A victory would have been an attempt to educate people who consider themselves “normal” to live with differences, to understand them, to consider them without pity or annoyance, perhaps wanting to know more about those individuals who cannot bear confusion and who sometimes have unusual behaviors. Because the only way to make inclusion, the only way to welcome, is not to grant beach corners where autistic people can be themselves without disturbing anyone (and yes, even without being disturbed by those people who are often noisy and intrusive). The only way to include is to realize that differences are everywhere, that normality, understood as social and cultural leveling, is an invention that goes against the reality of things because the human being manifests different characteristics, and these must not be included : they are already present in society.
Initiatives such as this, although they can temporarily alleviate some people’s difficulties, don’t positively affect the social fabric because they don’t push towards change. All individuals who are part of a minority live daily in a world that pushes them to be different from who they really are, a world that observes their behaviors and labels them as right or wrong, as adequate or problematic based on behavioral models that have as sole merit that of being expressions of a numerical majority. But being many doesn’t necessarily mean being right, and history is full of examples in which majorities have transformed a simple numerical advantage into a moral value or a positive quality, crushing differences in part by force.
In addition, for the umpteenth time we missed the opportunity to have Autistics exercise those fundamental rights that others, those who are “normal”, take for granted on a daily basis: the right of self-representation and self-determination. These aren’t big words devoid of substance, but rather refer to the opportunity to decide for oneself and speak in one’s own name and on behalf of one’s own group, concepts that nobody would dream of questioning when referring to non-autistic individuals.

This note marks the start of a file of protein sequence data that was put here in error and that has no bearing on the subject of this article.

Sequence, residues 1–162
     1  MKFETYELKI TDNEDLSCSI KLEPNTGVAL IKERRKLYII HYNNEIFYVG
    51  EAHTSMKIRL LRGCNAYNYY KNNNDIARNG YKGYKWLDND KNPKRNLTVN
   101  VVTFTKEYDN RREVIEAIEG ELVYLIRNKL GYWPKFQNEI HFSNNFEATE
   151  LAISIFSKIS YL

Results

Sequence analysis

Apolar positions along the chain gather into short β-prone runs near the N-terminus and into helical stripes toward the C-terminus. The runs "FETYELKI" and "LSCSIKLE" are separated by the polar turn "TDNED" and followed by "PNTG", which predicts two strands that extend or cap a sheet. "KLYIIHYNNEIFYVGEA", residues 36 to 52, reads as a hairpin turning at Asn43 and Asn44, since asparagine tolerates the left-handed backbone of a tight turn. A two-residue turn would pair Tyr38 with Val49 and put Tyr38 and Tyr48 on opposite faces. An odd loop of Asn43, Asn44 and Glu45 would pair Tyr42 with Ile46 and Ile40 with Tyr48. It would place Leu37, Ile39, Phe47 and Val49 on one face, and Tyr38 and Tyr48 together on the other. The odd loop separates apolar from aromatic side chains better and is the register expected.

It would have been enough, for once, to involve the primary stakeholders in the creation of the project: to have Autistic folks decide — or at least ask them — what they would like. Instead, as always, concession comes from above, throwing us a little bone, and by the way advertised using inappropriate expressions such as “suffering” from autism or even applying specifically medical terminology, as at the end of the article where it says that “this will allow volunteers to carry out triage easily”. Triage! As if it were an emergency room, a place where one has to evaluate whether the people who go swimming in the ghetto are truly “sick” with autism.
Maybe it was too hard to think about dedicating a stretch of beach to ALL those who want peace and tranquility. Would have it been too much to create a place where anyone — whether Autistic, neurotypical, blond, tall, thin, Down’s Syndrome, gay, heterosexual, anxious, Swedish, Chinese, Italian — could go and relax, avoiding the chaos that predictably reigns on summer beaches?
I’m sorry, but this is not inclusion, that’s something else. Including does not mean hiding differences, relegating them to places where they don’t challenge normality; to include is not to grant little things, which bear no lasting and positive effect on society, but rather increase Autistic people’s feelings of being wrong, unwanted, not created to belong in the world. To include is to look at differences for what they are: differences. To include is to protect, recognize, and enhance the characteristics of each person, to eliminate those physical and social barriers that create disability and exclusion, not to create new ones.
 de Monteflores, C. (1986). Notes on the management of differences. In T. S. Stein & C. J. Cohen (Eds.), Contemporary perspectives on psychotherapy with lesbians and gay men (pp. 73-101). New York: Plenum.
Kindly translated from the Italian by Andrew Dell’Antonio